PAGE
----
input fraction (
=
). Next, the mixture density is calculated using the in-situ volume fraction and
used to calculate the hydrostatic pressure difference. The pressure difference due to friction is calculated
using a combination of "in-situ" and "input" gas-liquid mixture properties.

Hagedorn and Brown: Hydrostatic Pressure Difference


The Hagedorn and Brown correlation uses four dimensionless numbers to correlate liquid holdup. These
four numbers are:

Where:
D = inside pipe diameter (ft)
= superficial liquid velocity (ft/s)
= superficial gas velocity (ft/s)
= liquid viscosity (cp)
= liquid density (lb/ft3)
= gas / liquid surface tension (dynes/cm)
Various combinations of these parameters are then plotted against each other to determine the liquid
holdup(

).

For the purposes of programming, these curves were converted into equations. The first curve provides a
value for

. This

value is then used to calculate a dimensionless group,

be obtained from a plot of


dimensionless group of numbers,

vs.

. Finally, the third curve is a plot of

can then

vs. another

. Therefore, the in-situ liquid volume fraction, which is denoted by

, is calculated by:

Where:
= in-situ liquid volume fraction (liquid holdup) (unitless)

= Hagedorn and Brown Correctionfactor (unitless)


The hydrostatic head is once again calculated by the standard equation:

And:

Where:
g = gravitational acceleration (32.2 ft/s2)
gc = conversion factor
= pressure change due to hydrostatic head (psi)
= elevation change (ft)
= gas density (lb/ft3)
= mixture density (lb/ft3)

Hagedorn and Brown: Friction Pressure Loss


The friction factor is calculated using the Chen equation and a Reynolds number equal to:

Note: In the Hagedorn and Brown correlation the mixture viscosity is given by:

Where:
= mixture velocity (ft/s)
= gas viscosity (cp)
= liquid viscosity (cp)
= mixture viscosity (cp)
= no-slip density (lb/ft3)
The pressure loss due to friction is then given by:

And:

Where:
f = Fanning friction factor
L = length of calculation segment (ft)
= pressure change due to friction (psi)

Modifications
We have implemented two modifications to the original Hagedorn and Brown Correlation. The first
modification is simply the replacement of the liquid holdup value with the "no-slip" (input) liquid volume
fraction if the calculated liquid holdup is less than the "no-slip" liquid volume fraction.
if

<

then

Where:
= input liquid volume fraction (no-slip liquid hold up)
The second modification involves the use of the Griffith correlation (1961) for the bubble flow regime.
Bubble flow exists if

<

where:

And:
= input gas volume fraction
= Parameter which defines boundary between bubble and slug flow (unitless)
If the calculated value of
is less than 0.13 then
is set to 0.13. If the flow regime is found to be
bubble flow then the Griffith correlation is applied, otherwise the original Hagedorn and Brown correlation
is used.

The Griffith Correlation (Modification to the Hagedorn and


Brown Correlation)
In the Griffith correlation the liquid holdup is given by:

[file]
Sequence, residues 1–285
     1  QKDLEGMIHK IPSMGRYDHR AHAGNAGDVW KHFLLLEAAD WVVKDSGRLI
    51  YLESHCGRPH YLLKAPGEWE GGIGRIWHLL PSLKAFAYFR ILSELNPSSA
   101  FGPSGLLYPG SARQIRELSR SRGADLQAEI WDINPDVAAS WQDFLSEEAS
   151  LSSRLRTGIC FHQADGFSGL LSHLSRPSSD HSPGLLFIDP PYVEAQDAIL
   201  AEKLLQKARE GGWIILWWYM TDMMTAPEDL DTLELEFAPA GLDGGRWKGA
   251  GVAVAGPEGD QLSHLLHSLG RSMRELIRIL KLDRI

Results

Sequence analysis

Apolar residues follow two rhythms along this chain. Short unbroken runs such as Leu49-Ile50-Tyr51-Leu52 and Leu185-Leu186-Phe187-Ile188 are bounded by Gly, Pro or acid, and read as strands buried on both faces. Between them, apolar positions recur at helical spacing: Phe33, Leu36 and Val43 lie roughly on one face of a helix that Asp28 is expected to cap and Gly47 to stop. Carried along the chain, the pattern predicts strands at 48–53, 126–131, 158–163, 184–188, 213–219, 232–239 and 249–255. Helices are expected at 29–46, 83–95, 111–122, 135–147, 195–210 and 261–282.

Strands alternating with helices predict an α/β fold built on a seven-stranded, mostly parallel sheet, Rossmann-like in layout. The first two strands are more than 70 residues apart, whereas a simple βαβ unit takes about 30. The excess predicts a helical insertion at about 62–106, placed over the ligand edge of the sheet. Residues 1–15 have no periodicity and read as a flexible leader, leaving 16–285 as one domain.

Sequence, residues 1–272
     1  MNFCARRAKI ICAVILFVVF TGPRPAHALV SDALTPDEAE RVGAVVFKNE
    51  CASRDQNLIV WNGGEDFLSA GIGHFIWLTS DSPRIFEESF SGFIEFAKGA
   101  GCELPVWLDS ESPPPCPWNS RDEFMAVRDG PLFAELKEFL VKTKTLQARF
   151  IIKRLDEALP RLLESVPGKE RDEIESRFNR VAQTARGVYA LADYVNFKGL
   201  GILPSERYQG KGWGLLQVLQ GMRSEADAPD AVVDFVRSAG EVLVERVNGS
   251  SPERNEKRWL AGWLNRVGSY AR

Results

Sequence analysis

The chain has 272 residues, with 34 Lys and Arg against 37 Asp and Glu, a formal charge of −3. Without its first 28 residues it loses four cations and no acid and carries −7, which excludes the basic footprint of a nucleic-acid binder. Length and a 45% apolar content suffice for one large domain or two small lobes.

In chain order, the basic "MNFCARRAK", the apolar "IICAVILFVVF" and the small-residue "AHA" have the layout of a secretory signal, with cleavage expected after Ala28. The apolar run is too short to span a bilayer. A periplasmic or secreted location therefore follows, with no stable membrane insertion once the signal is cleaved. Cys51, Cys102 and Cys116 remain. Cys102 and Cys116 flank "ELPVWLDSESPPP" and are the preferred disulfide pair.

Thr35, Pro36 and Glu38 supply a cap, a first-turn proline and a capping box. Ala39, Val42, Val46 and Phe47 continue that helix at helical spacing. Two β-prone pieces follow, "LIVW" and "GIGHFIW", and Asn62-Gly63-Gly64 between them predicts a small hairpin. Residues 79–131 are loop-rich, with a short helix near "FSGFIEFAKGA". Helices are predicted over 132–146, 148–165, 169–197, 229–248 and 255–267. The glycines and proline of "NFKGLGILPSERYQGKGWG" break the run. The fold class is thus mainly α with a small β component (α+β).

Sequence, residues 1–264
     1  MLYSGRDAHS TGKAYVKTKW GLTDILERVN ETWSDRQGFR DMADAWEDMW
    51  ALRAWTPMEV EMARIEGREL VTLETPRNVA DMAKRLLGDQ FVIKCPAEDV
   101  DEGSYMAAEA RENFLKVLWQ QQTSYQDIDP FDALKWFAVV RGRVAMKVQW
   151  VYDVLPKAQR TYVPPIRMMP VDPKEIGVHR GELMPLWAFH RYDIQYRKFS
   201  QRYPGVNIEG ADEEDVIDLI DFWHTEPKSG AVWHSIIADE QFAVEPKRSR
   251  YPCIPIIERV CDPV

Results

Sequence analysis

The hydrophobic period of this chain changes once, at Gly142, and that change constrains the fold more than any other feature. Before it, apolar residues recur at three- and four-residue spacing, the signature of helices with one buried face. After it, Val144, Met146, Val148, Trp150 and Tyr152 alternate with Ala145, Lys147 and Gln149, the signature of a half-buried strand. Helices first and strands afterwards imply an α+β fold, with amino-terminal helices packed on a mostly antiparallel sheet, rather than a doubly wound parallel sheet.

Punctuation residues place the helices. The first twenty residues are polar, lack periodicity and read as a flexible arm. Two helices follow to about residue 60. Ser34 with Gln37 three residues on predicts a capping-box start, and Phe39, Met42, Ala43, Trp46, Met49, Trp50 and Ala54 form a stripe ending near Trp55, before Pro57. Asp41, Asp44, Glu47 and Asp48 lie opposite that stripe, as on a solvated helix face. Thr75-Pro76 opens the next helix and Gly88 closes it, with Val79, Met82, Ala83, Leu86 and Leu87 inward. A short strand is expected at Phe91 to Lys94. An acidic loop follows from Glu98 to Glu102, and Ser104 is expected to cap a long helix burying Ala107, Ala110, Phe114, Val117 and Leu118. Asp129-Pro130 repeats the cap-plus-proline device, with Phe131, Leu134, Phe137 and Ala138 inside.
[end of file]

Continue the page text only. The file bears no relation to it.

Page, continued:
where:
= 0.8 ft/s
The in-situ liquid velocity is given by:

Where:
= in-situ liquid velocity (ft/s)
The hydrostatic head is then calculated the standard way.
The pressure drop due to friction is also affected by the use of the Griffith correlation because
into the calculation of the Reynolds Number via the in-situ liquid velocity (
calculated using the following format:

enters

) . The Reynolds Number is

The single phase liquid density, in-situ liquid velocity and liquid viscosity are used to calculate the
Reynolds Number. This is unlike the majority of multiphase correlations, which usually define the
Reynolds Number in terms of mixture properties not single phase liquid properties. The Reynolds number
is then used to calculate the friction factor using the Chen equation. Finally, the friction pressure loss is
calculated as follows:

The liquid density and the in-situ liquid velocity are used to calculate the pressure drop due to friction.

Petalas & Aziz Mechanistic Model


Determine Flow Pattern
To determine a flow pattern, we do the following:

Begin with one flow pattern and test for stability.

Check the next pattern.

Build Flow Pattern Map.

Example Flow Pattern Map

Dispersed Bubble Flow


Exists if

where

and if

Stratified Flow
Exists if flow is downward or horizontal ( 0)
Calculate

(dimensionless liquid height)

Momentum Balance Equations:

where

and
fG from standard methods where

fL from

where
fsL from standard methods where

fi from

where

Use Lochhart-Martinelli Parameters

where

where

Geometric Variables:

Solve for hL/D iteratively.


Stratified flow exists if

(Note: when cos 0.02 then cos = 0.02)


where

and

(Note: when cos 0.02 then cos = 0.02)


Stratified smooth versus Stratified Wavy
if

where
and

then have Stratified Smooth, else have Stratified Wavy.

Annular Mist Flow


Calculate

(dimensionless liquid height)

Momentum Balance Equations

where

and

(1)
from standard methods where

from standard methods where

fi from

(2)
Use Lochhart-Martinelli Parameters

where

where

Geometric Variables:

Solve for

iteratively.

Annular Mist Flow exists if

where